Flawed aid for long-term care
AN ESTIMATED 10 million elderly and disabled Americans need some sort of long-term care and help with the tasks of daily living. That number will grow as America ages. But the only federal program that pays for such services is Medicaid: Individuals who need long-term care have to spend down their assets to become poor enough to qualify. So does it make sense to establish a federal program under which people could buy long-term care insurance? Does it make sense to do this within the context of health reform? The House and Senate proposals contain such a program. We are sympathetic to the need but have doubts about its advisability.
The program, known as the Community Living Assistance Services and Supports (CLASS) Act, would be an innovative, voluntary insurance program run by the federal government. Employers could choose to have workers automatically enrolled unless they opt out, and premiums would be deducted from their paychecks. After paying in for five years, they would be entitled, if they become disabled, to a cash benefit -- at least $50 a day -- to pay for the non-medical services they need to remain at home rather than going to a nursing home. The premiums and benefits are required to be set at a level that will ensure the program is actuarially sound for 75 years.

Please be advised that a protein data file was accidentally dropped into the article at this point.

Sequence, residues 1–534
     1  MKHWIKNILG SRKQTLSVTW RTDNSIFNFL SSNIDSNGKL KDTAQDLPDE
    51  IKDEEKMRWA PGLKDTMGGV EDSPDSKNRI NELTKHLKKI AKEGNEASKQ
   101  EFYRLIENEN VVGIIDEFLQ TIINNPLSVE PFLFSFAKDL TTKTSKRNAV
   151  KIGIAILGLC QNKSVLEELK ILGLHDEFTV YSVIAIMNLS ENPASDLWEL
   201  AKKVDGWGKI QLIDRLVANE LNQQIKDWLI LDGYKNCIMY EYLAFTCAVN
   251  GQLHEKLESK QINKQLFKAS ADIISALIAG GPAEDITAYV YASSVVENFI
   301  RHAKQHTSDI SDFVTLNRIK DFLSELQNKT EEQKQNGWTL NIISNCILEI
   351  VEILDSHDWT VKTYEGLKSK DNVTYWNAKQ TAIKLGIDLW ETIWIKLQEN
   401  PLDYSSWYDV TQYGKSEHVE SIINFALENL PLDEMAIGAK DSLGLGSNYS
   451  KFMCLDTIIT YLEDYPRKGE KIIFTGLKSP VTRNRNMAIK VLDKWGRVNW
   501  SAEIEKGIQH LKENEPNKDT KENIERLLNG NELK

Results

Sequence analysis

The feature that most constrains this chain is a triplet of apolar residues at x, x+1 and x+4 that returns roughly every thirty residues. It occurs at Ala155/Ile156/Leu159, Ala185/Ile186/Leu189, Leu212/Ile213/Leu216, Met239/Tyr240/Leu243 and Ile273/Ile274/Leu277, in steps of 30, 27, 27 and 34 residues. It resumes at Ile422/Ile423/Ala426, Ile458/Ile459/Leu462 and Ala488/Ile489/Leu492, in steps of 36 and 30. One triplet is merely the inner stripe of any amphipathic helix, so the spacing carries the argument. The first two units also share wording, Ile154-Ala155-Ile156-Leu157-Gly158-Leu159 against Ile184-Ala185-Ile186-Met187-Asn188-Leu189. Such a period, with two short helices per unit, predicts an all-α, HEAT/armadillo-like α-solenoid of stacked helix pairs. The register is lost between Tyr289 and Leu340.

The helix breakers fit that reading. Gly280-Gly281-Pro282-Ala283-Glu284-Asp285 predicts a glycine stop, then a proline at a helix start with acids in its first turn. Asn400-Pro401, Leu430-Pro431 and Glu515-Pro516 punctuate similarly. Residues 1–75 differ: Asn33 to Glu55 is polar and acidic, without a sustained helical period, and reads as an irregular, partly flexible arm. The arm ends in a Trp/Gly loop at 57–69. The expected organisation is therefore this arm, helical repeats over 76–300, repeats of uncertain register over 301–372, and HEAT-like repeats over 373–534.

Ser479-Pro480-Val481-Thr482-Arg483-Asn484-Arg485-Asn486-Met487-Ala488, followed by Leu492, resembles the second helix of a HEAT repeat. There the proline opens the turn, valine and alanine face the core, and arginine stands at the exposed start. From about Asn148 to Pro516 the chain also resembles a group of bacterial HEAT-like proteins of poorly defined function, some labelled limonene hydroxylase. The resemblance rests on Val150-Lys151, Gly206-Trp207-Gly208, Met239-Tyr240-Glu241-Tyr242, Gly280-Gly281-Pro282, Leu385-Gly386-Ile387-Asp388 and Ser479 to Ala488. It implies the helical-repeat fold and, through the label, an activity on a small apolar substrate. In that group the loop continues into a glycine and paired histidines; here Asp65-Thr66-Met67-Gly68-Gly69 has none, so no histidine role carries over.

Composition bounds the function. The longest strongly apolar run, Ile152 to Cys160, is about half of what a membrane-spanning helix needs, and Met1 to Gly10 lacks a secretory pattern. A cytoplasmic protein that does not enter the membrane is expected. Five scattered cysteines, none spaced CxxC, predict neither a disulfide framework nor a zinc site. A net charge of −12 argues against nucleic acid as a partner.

Sounds good, yet there are serious concerns about whether the program will work -- or whether, because of low participation rates that would leave it mostly enrolling sicker people, it will end up having to set premiums so high or offer benefits so skimpy that lawmakers will be moved to bail it out. The Obama administration says not. "We're entirely persuaded that reasonable premiums, solid participation rates and financial solvency over the 75-year period can be maintained," Richard Frank, deputy assistant secretary for the Office of Disability, Aging and Long-Term Care Policy at the Department of Health and Human Services, told a Kaiser Family Foundation conference.
But both the Congressional Budget Office and the chief actuary for the Medicare program have expressed misgivings. The Medicare actuary, Richard S. Foster, cited "a very serious risk": Adverse selection -- sicker people signing up for the program and the healthier staying away -- "would make the CLASS program unsustainable." He said that even beginning premiums would have to be $240 a month. Likewise, CBO director Douglas W. Elmendorf warned that "the CLASS program could be subject to considerable financial risk in the future if it were unable to attract a sufficiently healthy group of enrollees."
There are already enough risks and uncertainties in health reform. Long-term care is an important topic, but it is one that deserves more careful scrutiny than has taken place in the context of the broader health-reform debate.